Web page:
asciitopgm - convert ASCII graphics into a PGM
[ -d divisor
] height width
This program is part of Netpbm(1)
reads ASCII data as input and produces a PGM image with pixel
values which are an approximation of the 'brightness' of the ASCII characters,
assuming black-on-white printing. In other words, a capital M is very dark, a
period is very light, and a space is white.
assumes a certain font in assigning a brightness
value to a character.
considers ASCII control characters to be all white. For a
lower case character, It assigns a special brightnesses which has nothing to
do with what it looks like printed. asciitopgm
takes the ASCII
character code from the lower 7 bits of each input byte. But it warns you if
the most significant bit of any input byte is not zero.
The output image is height
pixels high by width
truncating and padding with white on the right and bottom as necessary.
value is an integer (decimal) by which the blackness of an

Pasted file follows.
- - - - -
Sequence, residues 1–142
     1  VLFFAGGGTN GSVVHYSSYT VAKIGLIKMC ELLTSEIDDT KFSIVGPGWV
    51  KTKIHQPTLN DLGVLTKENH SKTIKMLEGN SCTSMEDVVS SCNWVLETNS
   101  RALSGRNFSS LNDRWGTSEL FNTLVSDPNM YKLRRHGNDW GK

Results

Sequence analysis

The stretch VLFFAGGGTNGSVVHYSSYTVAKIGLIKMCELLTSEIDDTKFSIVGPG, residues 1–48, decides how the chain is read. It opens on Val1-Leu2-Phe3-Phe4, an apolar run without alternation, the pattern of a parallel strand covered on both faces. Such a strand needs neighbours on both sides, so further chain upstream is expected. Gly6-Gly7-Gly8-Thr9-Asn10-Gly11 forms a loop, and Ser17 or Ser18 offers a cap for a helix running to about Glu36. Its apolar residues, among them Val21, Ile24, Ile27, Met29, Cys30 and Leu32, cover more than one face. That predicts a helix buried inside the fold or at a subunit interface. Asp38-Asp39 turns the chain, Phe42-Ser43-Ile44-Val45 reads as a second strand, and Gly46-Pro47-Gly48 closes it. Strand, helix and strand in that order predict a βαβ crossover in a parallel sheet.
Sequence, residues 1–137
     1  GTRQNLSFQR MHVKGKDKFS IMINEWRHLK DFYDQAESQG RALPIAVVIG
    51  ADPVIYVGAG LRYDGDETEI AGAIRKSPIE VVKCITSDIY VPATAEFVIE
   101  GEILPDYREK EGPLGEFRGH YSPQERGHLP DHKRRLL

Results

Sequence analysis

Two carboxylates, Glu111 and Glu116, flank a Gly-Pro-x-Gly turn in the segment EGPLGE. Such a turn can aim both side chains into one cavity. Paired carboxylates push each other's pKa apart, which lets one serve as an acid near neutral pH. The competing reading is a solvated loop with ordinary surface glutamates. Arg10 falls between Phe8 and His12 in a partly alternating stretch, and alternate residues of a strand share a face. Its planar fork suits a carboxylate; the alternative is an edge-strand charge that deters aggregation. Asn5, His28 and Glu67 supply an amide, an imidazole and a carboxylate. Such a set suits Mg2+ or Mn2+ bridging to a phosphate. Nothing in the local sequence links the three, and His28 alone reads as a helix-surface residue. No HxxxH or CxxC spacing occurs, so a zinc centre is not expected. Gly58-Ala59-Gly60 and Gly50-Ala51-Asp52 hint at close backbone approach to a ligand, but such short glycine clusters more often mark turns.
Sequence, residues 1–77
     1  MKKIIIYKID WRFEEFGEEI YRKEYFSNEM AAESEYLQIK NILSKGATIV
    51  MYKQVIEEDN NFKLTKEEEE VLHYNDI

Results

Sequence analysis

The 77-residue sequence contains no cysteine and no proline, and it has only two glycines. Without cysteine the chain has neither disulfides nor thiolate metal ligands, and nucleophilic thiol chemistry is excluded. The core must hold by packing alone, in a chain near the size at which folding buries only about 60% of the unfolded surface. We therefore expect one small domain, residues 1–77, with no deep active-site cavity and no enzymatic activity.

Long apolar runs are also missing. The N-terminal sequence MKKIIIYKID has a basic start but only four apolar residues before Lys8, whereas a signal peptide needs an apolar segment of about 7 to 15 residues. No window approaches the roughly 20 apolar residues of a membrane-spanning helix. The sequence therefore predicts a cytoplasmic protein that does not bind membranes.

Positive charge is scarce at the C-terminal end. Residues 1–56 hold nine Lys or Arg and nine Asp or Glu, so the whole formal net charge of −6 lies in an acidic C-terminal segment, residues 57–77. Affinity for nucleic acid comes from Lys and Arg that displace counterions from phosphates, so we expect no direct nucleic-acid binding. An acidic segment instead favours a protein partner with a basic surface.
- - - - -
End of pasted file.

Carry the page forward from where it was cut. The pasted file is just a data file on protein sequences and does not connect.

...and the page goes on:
input character is divided; the default value is 1. You can use this to adjust
the brightness of the output: for example, if the image is too bright,
increase the divisor.
In a sort of reminiscence of Fortran line printer carriage control, where a line
starts with +
combines it with the previous
row of output instead of generating a new row. This allows a larger range of
gray values. (In Fortran carriage control, the first character of every line
sent to the printer tells how much to advance the paper, with +
not at all, so that the rest of the characters on the line overstrike the ones
already on the paper. What asciitopgm
does is rather different in that
does not reserve the first character of every line that way.
If the first character is anything but +
it just to be first character of the image.
If you're looking for something that creates an image of text, with that text
specified in ASCII, that is something quite different. Use pbmtext
Wilson H. Bent. Jr. ( firstname.lastname@example.org